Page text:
The No-Problem Problem

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Peters editorial on 

Most companies tend to suffer from the “noproblem” problem. anagement bumps into a worker in the hallway and asks, “Howare things going?” The answer is always “No problem.” Of course,that’s not the same thing as “Things are going well,” but the managerassumes that was what the worker meant and wanders off, content.

Of course, frequently there are problems. But if you’rethe worker, you probably don’t want to tell management about them. First,there’s the concern that a problem will reflect negatively on you. Evenscarier, there’s the fear that management will offer to help. If your managerused to be a developer, she might take up your time by making codingsuggestions. And that’s the best that you can get. I reported to avice-president whose response to every problem was, “Well, you’d betterwork some overtime.” Come to think of it, he usually followed up thosesuggestions with solutions based on his experience in creating VSAM file-basedbatch programs in PL/1.  orkers soon learn that the response to “How arethings going?” should always be “No problem, no problem….”

Yet, as a manager, I always wanted to know when therewere problems. I tried to always reward the messenger and never punish anyonefor bringing me news that I didn’t like to hear. Still, I have to admit that Imade my contribution to the “no problem” problem.

The situation was this: A major project had fallenthrough, and the president of the company suddenly realized that we had toconvert one of our subsidiaries over to our existing manufacturing managementsystem. His guess was that the whole thing would take three days. I suggestedthat, if we were lucky, we might get it done in a week. I, at least, was smartenough to turn the estimation problem over to someone who actually knewsomething: Pete, a member of the IS staff who’d been supporting the system forseveral years.

I asked Pete to put together an estimate listing allof the possible tasks that would need to be done. I asked him to estimate thetasks in minimum half- ay units and to break any task longer than two days intosmaller tasks. I told him not to underestimate (“No one minds if you comein early”) and to make up a schedule in which he had faith. The next day,Pete came in with an estimate of three weeks.

I said, “WHAT!”

I couldn’t have done anything worse. With that onecomment, I sent a very clear message: I didn’t like to see large numbers. WhileI told Pete to come up with a schedule that he could live with, my reactionindicated that I really wanted a schedule that matched my estimate to my boss.I calmed down, thanked Pete for his estimate, complimented him on doing itcompletely and quickly, and went up to tell my boss the news. I eventually gota call from the president that began, “So, tell me how this three-day taskhas ballooned out to three weeks”–not a good start for any conversation. Ioffered to come up and go over the schedule with him to identify any task thatwe could avoid doing or that he thought he could do faster, but he turned medown. Pete’s schedule stood. We delivered a week early because Pete beat mostof his estimates and I was able to assign a second person to the task. And, bygolly, no one complained.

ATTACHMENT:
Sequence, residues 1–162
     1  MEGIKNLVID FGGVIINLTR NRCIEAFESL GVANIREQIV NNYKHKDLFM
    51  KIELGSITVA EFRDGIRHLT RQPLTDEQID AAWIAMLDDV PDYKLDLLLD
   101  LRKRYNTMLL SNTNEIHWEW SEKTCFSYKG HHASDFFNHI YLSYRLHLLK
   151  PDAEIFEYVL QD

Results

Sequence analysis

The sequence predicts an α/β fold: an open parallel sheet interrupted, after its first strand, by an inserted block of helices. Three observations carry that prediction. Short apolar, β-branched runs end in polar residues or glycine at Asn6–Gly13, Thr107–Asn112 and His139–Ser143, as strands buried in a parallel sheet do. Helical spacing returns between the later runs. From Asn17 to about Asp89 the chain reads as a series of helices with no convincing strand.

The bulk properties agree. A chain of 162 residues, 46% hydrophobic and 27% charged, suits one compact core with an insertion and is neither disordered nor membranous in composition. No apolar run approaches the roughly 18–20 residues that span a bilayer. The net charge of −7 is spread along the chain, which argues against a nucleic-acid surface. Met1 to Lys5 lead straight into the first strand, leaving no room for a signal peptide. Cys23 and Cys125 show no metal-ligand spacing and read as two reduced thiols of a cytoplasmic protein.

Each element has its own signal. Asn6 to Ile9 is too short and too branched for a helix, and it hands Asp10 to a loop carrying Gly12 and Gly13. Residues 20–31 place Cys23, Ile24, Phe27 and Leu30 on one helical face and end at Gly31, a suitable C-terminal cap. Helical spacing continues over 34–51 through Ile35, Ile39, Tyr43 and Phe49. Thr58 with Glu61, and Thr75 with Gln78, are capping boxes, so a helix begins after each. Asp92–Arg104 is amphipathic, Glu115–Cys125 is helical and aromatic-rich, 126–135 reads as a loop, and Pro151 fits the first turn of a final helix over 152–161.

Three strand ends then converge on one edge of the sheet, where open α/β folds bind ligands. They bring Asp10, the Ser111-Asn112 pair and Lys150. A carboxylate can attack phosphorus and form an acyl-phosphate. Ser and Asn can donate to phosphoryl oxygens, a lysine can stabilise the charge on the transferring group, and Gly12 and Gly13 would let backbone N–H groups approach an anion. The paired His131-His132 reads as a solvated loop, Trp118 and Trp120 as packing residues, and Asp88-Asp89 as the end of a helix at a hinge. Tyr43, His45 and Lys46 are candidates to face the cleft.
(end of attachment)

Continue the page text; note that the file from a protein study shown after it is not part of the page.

Still, I wondered. After that “WHAT!”, howmany “no problem” problems had I created? As a manager and anindependent consultant, I’ve learned that the stuff that goes on”around” the coding is as important as the coding itself.   was veryexcited, then, to be asked to sit on the editorial board for Pinnacle’s newnewsletter, Information Systems Consultant. I’ll be writing some articles forthe newsletter (one on getting the right insurance and another on maintainingyour tax deductions are already in the works). What  I’m really excited about isthe opportunity to read the material that’s coming up in the newsletter. It’snever too late to avoid making new mistakes.

Coding remains my primary activity, though you wouldn’tknow it from what I did to Chris Weber’s article in our January issue. In theprocess of working on an unrelated problem, I “borrowed” Chris’ codeand mangled it. The code on page 15 should have been:

Sub NavButtons()
On Error Resume Next
Dim rst As Recordset

  Set rst = Me.RecordsetClone
  rst.Bookmark = Me.Bookmark

  'check for BOF
  cmdFirst.Enabled = (Err = 0)
  cmdPrev.Enabled = (Err = 0)
  rst.Bookmark = Me.Bookmark
  cmdNext.Enabled = (Err = 0)

  'check for BOF
  cmdLast.Enabled = (Err = 0)

End Sub

Chris’ code cleverly gets around the limitations ofusing AbsolutePosition by using the On Error Resume to handle error conditionsraised by his various Move commands. By checking the value of the Err object,Chris can check for both EOF and BOF. Chris has also sent along a new, enhancedversion of his routines, which are included in this month’s Downloads.

About Peter Vogel

After 10 years of editing Smart Access, Peter continues to develop with Access (though he also does a lot of .NET stuff). Peter is also still editing other people's article--he even self-published a book on writing user manuals ("rtfm*") with a blog here.
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